7 Queer Christmas Movies That Should Be Classics

Because you can't just watch "The Yule Log."

Happiest Season, director Clea DuVall’s rom-com starring Kristen Stewart as a lesbian planning to propose to her still-closeted girlfriend (Mackenzie Davis) during a family holiday party, should be an instant queer classic when it hits theaters in late 2020. But that’s a year away. What are you going to watch now?

Good news: Besides this year’s Season of Love and the Netflix original Let It Snow, there is a solid (though still pretty slim) collection of LGBTQ+ and inclusive holiday movies on tap, including emotional international titles that you may not have seen (or realized are super festive).

To help you out, we’ve rounded up seven of those films—some of which go all the way back to the 1970s—and included where you and your squirrel friends can watch them. So pour the ’nog and pull up a seat.

  1. Some of My Best Friends Are… (1971)

    Writer-director Mervyn Nelson’s near-forgotten early feature takes place in a Greenwich Village gay bar where regulars and some drama-stirring visitors spend an eventful Christmas Eve together. Although The New York Times called it a “hammy… sentimental… second-rate spinoff from The Boys in the Band” when it was released in 1971, it serves as a valuable pre-AIDS time capsule of the era’s LGBTQ chosen family (and, well, stereotypes and self-loathing), and it was shot in NYC’s long-gone Zodiac gay bar barely two years after 1969’s Stonewall riots. Plus, how can you go wrong with actors like Rue McClanahan, Fannie Flagg, and transgender Andy Warhol superstar Candy Darling, and lines like “He’s a bastard, man. I wouldn’t let him shit on my cock”?

    Where to Watch It: Amazon Prime

  2. Home for the Holidays (1995)

    Jodie Foster assembled a 1990s dream cast—Claire Danes! Anne Bancroft! Holly Hunter! Dylan McDermott!—for her second directorial effort, a delightful and honest Baltimore-set tale of multigenerational family love and dysfunction in which Robert Downey Jr. plays Tommy, a delightfully obnoxious, jokey gay artist who loves working his sister’s (Cynthia Stevenson) last nerve. Despite taking place during Thanksgiving, the film is Christmas-y AF, and, again, Downey plays gay, so get your glogg on!

    Where to Watch It: Hulu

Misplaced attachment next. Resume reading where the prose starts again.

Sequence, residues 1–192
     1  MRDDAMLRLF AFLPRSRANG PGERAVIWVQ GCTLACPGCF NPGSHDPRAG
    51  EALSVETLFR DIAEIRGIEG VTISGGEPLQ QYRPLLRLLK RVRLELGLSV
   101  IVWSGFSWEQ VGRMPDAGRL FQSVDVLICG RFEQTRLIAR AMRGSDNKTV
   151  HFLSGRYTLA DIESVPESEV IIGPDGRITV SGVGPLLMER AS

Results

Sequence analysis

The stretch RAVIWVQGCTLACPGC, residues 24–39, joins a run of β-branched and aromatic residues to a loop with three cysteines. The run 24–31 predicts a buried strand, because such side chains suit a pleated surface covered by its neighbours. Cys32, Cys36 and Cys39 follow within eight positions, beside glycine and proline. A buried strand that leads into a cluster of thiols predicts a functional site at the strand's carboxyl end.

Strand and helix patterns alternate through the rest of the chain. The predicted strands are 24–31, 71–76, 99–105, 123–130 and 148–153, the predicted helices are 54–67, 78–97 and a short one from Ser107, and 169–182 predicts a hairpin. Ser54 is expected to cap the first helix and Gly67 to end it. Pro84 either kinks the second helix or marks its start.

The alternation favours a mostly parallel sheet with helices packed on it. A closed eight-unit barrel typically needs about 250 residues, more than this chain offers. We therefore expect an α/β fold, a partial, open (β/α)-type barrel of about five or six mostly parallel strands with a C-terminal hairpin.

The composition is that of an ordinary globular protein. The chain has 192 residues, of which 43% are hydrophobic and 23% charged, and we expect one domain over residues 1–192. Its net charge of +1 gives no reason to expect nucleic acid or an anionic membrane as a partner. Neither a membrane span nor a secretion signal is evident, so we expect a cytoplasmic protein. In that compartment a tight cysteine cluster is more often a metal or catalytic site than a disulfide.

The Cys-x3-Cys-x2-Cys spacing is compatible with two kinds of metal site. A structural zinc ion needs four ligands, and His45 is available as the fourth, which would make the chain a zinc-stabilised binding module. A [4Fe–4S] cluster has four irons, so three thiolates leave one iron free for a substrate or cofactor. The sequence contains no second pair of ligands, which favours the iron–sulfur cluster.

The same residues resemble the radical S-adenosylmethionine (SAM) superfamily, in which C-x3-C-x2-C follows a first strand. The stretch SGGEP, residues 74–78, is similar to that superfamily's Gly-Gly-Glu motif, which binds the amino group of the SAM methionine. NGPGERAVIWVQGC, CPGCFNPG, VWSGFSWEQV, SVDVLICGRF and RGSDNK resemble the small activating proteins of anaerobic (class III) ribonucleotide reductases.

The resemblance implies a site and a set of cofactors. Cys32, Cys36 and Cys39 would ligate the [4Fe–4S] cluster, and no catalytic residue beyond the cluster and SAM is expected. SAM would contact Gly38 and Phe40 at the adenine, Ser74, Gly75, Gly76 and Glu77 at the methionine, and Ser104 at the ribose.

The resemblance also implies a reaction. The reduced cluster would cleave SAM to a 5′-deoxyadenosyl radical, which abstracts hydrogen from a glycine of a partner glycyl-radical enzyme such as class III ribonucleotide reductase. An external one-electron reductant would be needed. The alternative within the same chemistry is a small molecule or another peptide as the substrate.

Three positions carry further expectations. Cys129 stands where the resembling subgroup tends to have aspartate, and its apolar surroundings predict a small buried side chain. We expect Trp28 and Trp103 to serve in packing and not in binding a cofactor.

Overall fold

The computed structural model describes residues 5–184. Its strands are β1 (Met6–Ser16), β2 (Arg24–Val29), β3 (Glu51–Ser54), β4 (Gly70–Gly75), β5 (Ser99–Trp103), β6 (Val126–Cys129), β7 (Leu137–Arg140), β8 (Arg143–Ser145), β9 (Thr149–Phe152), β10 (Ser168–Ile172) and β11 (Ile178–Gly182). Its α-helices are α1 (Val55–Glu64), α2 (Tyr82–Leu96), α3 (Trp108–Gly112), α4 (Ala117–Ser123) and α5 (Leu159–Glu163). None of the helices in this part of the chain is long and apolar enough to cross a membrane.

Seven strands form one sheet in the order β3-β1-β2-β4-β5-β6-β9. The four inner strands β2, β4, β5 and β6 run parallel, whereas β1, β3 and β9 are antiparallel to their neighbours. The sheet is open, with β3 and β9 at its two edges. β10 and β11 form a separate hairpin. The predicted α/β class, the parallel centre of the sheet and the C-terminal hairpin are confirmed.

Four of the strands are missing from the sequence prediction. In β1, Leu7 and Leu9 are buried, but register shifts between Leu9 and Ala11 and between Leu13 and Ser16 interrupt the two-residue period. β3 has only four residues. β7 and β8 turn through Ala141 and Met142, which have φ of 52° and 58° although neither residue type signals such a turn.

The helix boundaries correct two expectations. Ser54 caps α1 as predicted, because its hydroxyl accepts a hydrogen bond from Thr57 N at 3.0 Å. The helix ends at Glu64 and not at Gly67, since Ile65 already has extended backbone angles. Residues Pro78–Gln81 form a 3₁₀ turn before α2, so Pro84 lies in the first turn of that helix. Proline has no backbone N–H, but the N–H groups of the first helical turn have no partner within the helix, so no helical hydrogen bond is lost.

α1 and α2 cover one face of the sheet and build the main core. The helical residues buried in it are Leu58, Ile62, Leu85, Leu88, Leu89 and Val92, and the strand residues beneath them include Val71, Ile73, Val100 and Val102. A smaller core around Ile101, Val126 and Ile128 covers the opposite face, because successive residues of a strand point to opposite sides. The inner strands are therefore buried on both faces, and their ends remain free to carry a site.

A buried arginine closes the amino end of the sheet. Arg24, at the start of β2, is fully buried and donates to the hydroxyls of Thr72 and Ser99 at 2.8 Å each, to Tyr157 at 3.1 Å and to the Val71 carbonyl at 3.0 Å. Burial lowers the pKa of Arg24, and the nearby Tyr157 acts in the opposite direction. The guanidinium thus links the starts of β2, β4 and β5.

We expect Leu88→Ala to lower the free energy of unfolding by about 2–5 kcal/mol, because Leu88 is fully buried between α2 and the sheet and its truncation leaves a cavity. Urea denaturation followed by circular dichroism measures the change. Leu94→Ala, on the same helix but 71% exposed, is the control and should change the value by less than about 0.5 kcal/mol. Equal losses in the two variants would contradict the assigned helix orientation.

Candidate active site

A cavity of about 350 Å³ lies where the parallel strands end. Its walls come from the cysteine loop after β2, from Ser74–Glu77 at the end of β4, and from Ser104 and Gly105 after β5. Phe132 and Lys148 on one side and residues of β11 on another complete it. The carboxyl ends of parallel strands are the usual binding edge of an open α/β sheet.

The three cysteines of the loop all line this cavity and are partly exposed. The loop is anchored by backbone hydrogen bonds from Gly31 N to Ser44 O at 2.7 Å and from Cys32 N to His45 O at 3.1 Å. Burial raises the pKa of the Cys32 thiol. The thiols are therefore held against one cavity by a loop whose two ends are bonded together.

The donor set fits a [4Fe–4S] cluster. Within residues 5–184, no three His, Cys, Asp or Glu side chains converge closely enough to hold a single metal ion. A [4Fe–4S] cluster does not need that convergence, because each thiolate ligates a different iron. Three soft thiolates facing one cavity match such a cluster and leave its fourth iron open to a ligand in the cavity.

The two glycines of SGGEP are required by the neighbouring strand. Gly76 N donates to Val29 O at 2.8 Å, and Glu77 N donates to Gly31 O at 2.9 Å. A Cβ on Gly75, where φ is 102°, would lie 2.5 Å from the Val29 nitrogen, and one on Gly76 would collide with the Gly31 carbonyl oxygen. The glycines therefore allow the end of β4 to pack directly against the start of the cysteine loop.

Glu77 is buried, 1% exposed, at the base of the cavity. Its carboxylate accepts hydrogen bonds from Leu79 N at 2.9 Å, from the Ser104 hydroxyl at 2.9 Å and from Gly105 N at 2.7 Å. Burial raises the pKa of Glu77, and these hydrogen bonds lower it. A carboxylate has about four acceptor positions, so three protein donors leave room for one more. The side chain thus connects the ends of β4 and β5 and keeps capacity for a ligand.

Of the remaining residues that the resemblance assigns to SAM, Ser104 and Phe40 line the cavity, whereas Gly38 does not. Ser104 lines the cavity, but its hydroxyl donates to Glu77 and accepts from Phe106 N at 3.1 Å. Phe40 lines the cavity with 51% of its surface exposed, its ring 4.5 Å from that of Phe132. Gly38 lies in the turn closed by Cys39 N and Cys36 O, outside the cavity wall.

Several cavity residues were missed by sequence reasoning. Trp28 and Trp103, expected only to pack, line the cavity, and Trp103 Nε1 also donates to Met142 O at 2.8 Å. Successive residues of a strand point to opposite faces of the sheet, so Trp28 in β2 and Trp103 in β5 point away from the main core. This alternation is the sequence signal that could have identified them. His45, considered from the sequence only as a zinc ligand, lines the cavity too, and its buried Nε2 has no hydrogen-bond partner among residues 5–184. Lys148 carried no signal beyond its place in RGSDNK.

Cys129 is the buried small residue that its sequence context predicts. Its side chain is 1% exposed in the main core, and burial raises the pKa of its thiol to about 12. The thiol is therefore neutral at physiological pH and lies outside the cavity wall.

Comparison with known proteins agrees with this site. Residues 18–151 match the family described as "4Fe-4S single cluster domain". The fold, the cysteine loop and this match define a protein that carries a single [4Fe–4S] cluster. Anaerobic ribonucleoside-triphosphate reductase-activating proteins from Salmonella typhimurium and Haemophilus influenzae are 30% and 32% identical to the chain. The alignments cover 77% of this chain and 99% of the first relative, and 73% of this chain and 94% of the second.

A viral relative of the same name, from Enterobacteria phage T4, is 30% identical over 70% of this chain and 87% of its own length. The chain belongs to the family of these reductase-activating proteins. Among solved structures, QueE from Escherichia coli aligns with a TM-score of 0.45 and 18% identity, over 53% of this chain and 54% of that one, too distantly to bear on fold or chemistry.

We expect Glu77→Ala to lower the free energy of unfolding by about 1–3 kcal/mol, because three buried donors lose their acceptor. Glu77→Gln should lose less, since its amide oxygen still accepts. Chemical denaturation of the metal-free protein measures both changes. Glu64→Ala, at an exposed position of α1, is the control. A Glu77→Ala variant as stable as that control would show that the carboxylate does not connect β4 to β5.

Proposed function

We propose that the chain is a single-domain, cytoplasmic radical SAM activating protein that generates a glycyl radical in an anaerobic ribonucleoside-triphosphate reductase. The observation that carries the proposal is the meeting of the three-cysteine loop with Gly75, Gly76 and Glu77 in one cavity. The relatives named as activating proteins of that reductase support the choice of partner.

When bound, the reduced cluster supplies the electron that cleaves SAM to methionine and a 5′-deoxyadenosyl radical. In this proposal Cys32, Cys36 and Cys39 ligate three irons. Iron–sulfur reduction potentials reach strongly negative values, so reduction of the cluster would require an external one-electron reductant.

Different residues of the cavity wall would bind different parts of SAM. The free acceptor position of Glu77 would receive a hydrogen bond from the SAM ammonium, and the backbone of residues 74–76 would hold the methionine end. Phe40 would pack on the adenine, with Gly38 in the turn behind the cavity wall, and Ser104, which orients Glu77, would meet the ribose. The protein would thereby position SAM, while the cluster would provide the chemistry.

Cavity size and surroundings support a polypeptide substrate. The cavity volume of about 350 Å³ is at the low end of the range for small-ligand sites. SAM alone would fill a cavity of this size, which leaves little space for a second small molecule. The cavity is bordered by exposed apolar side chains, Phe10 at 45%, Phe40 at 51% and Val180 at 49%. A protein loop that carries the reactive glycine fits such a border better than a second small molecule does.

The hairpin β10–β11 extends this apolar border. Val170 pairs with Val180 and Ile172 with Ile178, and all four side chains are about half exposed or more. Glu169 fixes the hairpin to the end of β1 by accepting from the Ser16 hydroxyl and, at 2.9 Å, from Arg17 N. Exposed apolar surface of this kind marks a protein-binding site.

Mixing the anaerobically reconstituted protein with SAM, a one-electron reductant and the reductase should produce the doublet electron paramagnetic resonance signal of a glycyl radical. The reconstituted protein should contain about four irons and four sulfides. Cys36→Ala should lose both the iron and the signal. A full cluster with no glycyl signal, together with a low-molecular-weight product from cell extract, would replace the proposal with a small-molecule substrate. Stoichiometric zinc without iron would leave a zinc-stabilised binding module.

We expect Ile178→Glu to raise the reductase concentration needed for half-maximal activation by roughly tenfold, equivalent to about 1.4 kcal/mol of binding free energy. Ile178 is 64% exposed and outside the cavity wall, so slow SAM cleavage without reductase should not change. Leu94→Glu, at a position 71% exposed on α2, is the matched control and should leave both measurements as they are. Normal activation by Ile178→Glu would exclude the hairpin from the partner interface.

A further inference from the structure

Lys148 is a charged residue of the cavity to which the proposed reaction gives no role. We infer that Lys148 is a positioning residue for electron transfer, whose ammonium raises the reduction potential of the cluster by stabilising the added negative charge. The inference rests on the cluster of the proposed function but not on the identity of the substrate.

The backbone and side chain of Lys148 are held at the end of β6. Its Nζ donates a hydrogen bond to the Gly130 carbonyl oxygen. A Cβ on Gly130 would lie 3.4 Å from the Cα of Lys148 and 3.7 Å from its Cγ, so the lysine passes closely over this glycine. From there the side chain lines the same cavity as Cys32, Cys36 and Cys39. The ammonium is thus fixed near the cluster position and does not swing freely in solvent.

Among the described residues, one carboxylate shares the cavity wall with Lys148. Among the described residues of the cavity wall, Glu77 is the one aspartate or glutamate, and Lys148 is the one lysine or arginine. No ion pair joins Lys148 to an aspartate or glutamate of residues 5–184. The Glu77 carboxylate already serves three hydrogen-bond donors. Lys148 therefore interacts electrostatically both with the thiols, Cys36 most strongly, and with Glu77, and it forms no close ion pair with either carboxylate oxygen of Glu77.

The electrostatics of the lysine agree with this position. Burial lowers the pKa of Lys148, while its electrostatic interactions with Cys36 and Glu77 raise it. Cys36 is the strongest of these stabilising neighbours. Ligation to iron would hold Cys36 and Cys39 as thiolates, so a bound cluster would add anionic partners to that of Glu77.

3. Holiday Heart (2000)

    This Showtime original movie, adapted by African-American playwright Cheryl L. West from her play and directed by Robert Townsend, stars Ving Rhames as Holiday, a good-hearted drag queen whose Chicago policeman boyfriend recently died. Holiday comes to the aid of a recovering junkie, Wanda (Alfre Woodard), and her daughter Niki (Jesika Reynolds), but their chosen family is put to the test when a drug dealer (Mykelti Williamson) seduces Wanda. Best known at the time as the dangerous, vengeful crime boss Marsellus Wallace in Pulp Fiction, Rhames plays way against type, and boy does Holiday lip-synch for her life!

    Where to Watch It: Amazon Prime

  4. Tokyo Godfathers (2003)

    What happens when a chosen family of three homeless folks—including Hana, a transgender woman who dreams of being a mother—discover an abandoned baby on Christmas Eve? Inspired by Peter B. Kyne’s 1913 novel The Three Godfathers, the same source material as the iconic 1980s comedy Three Men and a Baby, this moving, critically beloved animated dramedy had a U.S. theatrical run to qualify for the Oscars. Despite some dated bits of homo- and transphobia, it will give you the burst of Christmas spirit you’ve been waiting for.

    Where to Watch It: Crackle

  5. C.R.A.Z.Y. (2005)

    Queer Quebecois director Jean-Marc Vallée (Dallas Buyers Club, Big Little Lies) made his first international splash with this Montreal-set, music-filled adaptation of François Boulay’s semi-autobiographical screenplay about growing up gay with four brothers. Born on Christmas Day, Zac (Marc-André Grondin) becomes obsessed with rockers like David Bowie, The Rolling Stones, and Pink Floyd, but struggles with his sexuality, wildly different siblings, and Catholic, conservative father, Gervais (Michel Côté). The final reveal of the title’s true meaning will have you crying, so definitely watch this with someone you can hug.

    Where to Watch It: On old-school DVD, at least until a North American streaming service offers it again. But it’s worth the purchase and shelf space!

  6. Tangerine (2015)

    Not all Christmastime movies are merry, but director Sean Baker’s uproarious, invigorating, critically acclaimed comedy (famously shot on a modified iPhone) manages to balance the light and dark with its frenetic tale of an L.A. transgender sex worker, Sin-Dee (Kitana Kiki Rodriguez), who spends Christmas Eve—fresh off 28 days in prison—with bestie Alexandra (Mya Taylor) in hot pursuit of her pimp boyfriend (James Ransone) and the cisgender female he’s been banging on the side. Themes of chosen family and forgiveness make this a modern (if unlikely) holiday classic you’ll bring out more than once.

    Where to Watch It: Hulu

Main image: Tokyo Godfathers.

Lawrence is a New York-based travel and entertainment writer whose work has appeared in National Geographic Traveler, Time Out New York and The New York Post.